This year is ushering in a change in the capacity of Dense Wavelength Division Multiplexing (DWDM) platforms going into the network. Service providers that deploy optical networking systems are now turning to new 400 Gb/s (400G) per wavelength solutions to increase transport capacity and optimize connecting ports on Packet-Optical Transport Systems (POTS), Layer-2 switching and routing equipment. This move to 400G is likely to fundamentally change the architecture of transport networks.
Up to now, POTS platforms have been at the heart of transport networks. The fundamental purpose of these platforms is to switch and aggregate various low-speed client connections onto a composite high-speed signal that modulates a DWDM wavelength, as depicted in the following figure.
POTS platforms are equipped with client port shelves that are scaled to accommodate a multitude of low-speed connections. These client port shelves generally occupy most of the faceplate space of POTS platforms.
Recently, though, the transport network is characterized by increasing capacity of each optical channel (the data stream on a single DWDM wavelength), higher speed switch and router ports and an enormous increase in the capacity and number of data center interconnections. These increasing connection speeds in the transport network are driving a significant upsurge of higher-capacity DWDM ports of the transport platforms but not an accompanying increase in the number of low-speed lines for which most of the space in POTS platforms is allocated. This demand calls for a new type of platform that abandons the role of low-speed connection aggregation and focuses, instead, on the transport of high-speed connections over the highest capacity optical channels available.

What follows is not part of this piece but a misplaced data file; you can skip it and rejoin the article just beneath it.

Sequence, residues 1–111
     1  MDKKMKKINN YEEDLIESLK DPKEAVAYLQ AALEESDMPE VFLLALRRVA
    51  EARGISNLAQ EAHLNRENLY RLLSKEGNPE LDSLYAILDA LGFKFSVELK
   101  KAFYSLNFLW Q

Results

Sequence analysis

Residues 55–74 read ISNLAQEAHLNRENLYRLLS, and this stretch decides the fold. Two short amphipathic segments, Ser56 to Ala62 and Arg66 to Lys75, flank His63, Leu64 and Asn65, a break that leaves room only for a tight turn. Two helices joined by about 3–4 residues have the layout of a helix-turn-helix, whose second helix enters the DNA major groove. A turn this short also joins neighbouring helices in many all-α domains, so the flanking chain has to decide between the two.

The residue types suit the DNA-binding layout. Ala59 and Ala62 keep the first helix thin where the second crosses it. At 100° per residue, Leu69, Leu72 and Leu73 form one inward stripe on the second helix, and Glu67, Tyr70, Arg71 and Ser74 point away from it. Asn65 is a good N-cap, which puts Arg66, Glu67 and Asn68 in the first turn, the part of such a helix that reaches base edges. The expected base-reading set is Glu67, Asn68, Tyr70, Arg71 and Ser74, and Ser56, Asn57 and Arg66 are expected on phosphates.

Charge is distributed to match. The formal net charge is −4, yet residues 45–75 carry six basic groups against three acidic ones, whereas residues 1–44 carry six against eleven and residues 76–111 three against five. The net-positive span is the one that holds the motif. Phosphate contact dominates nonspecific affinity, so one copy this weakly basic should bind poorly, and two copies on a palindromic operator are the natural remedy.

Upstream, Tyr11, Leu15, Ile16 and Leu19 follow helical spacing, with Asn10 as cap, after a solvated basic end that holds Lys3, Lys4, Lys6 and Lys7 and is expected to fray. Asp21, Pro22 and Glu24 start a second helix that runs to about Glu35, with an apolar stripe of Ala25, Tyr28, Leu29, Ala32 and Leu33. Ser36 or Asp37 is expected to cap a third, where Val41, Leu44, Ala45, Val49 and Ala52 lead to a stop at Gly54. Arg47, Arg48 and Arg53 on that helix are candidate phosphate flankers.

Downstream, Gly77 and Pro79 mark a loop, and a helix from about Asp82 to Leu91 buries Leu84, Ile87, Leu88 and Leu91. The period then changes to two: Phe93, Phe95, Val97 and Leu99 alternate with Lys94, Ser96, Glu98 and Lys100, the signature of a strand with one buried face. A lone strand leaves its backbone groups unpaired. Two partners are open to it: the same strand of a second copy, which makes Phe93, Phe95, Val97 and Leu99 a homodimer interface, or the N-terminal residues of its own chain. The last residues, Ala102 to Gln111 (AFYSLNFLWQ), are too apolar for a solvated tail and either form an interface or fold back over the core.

Network system vendors have responded to this need with a new type of transport platform commonly called a data center interconnection (DCI) platform, a 1RU (or sometimes 2RU) chassis composed of a combination of multiple transponders (each of which places a client 400G signal on a wavelength) and/or muxponders (each of which is a 4 x 100G multiplexer plus a transponder). The optical lines of this platform connect to a wavelength multiplexer.
Because of the prodigious traffic density of these transponder/muxponder chassis, network operators will begin to connect the composite high-speed signals of POTS platforms to the client side of these DCI platforms rather than directly modulating wavelengths with them. This new configuration is depicted in the following figure.
The new architecture relegates the current low-capacity POTS platforms (whose aggregate connection speed is only 100G) to aggregating nonpacketized traffic. Operators will connect the 100G line ports of these POTS platforms to the client ports of DCI muxponders which will, in turn, aggregate the traffic from the 100G connections into the 400G optical channels for transport.
As network operators disconnect POTS platforms from direct DWDM connections to free up wavelengths for the higher capacity DWDM systems, network systems vendors will need to:
- · Cost-optimize the composite high-speed ports of their POTS platforms since they will no longer need to be the expensive colored DWDM ports.
- · Take advantage of the lower power requirements of these gray high-speed ports (thus requiring less space) to reduce the footprint of these ports on the POTS platforms.
- · Upgrade their transport management systems:
o POTS interconnections will now be more complex, requiring additional network elements (the DCI platforms); and
o DCI platforms will not no longer be interconnecting only data centers.
Network operators need to view this transport evolution as a step toward operating their central offices as data centers. Not so long ago, they interconnected their equipment sites with a myriad of 10G optical channels, facing growing complexity as traffic increased. The new model significantly simplifies the transport network with a greatly reduced number of 400G optical channels.
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